Today, an increasingly strident debate focuses on our Navy’s future – should it take an evolutionary “good enough” approach or a revolutionary “better” one. The choice is stark: move forward with the revolutionary new-design Zumwalt-class DDG-1000 multimission warships or continue the evolution of legacy Arleigh Burke DDG-51 destroyers designed in the early 1980s. Congress is divided: The Senate clearly looks to “better,” strongly supporting the president’s program for seven DDG-1000s, while some House members seek “good enough” – temporarily staying the DDG-1000 program, or killing it completely, and continuing to build in-service DDG-51s before moving to another new surface warship concept. The House Armed Services Committee holds hearings July 31 to debate the issue.
The Navy’s requirement is 62 Burkes (the last appropriated in fiscal
2005) to complement 22 Ticonderoga-class cruisers. With a 35-year service life, the 62nd Burke would retire around 2050. Periodic modernization will keep DDG-51s “good enough” for general-purpose roles, missions and planned tasks, including important ballistic-missile defense needs.
But an evolutionary approach continuing to churn out DDG-51s ignores20the reality that scant “real estate” exists in the latest Burke design for technologies to meet=2 0daunting littoral threats. It also ignores a decade of intense and costly research, development and engineering now poised to deliver a truly revolutionary warship – one Adm. Gorshkov would envy – to meet critical requirements.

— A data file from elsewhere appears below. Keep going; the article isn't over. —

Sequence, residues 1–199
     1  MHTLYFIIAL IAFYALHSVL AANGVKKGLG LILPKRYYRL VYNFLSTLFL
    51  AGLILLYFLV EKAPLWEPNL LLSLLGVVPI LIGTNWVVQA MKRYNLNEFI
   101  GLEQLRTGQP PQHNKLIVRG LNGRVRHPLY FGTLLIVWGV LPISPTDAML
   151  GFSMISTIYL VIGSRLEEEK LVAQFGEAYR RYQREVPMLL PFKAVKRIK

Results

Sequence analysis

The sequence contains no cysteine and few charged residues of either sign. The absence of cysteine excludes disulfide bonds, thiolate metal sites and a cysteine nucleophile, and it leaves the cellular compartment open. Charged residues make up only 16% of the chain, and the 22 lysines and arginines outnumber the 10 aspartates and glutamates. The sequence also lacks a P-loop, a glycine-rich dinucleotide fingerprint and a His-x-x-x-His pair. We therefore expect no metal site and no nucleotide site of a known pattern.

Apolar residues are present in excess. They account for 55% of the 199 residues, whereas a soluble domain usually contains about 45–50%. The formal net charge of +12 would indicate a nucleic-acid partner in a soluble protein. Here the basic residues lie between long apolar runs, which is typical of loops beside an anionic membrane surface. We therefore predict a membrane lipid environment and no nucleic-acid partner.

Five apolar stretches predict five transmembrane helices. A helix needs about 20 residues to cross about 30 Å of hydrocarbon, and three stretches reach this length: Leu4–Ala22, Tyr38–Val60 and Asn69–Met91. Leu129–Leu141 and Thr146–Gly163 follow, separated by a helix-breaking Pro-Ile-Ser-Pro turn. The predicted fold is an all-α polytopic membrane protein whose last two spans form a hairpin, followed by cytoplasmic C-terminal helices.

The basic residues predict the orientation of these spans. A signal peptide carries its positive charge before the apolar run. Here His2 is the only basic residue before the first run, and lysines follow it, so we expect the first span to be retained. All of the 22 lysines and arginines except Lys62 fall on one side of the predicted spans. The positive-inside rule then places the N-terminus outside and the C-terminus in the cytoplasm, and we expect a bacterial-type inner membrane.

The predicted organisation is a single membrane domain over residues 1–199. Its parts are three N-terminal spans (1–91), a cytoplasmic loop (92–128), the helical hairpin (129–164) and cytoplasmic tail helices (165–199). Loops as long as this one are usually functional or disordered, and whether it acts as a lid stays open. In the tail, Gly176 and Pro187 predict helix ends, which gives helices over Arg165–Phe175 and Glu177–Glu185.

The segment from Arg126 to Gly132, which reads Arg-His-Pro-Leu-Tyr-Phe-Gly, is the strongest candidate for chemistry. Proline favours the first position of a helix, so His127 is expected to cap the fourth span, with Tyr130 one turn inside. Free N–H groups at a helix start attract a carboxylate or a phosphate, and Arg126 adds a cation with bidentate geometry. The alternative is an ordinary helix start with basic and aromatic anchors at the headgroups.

The DDG-1000 design represents the greatest technological advancement the Navy has ever made in a single ship platform. This multimission warship pushes operational envelopes and capabilities far beyond today’s U.S. and foreign-navy ships. As the first “Post-Cold War” and “Post-Sept. 11″ U.S. surface warship, DDG-1000 is designed for what Defense Secretary Robert Gates calls “today’s wars,” while delivering game-changing multimission capabilities for other 21st-century needs.
When the lead ship, USS Zumwalt, named for Chief of Naval Operations Adm. Elmo Zumwalt, delivers in 2013, it will be the world’s most capable, mission-flexible and agile surface combatant.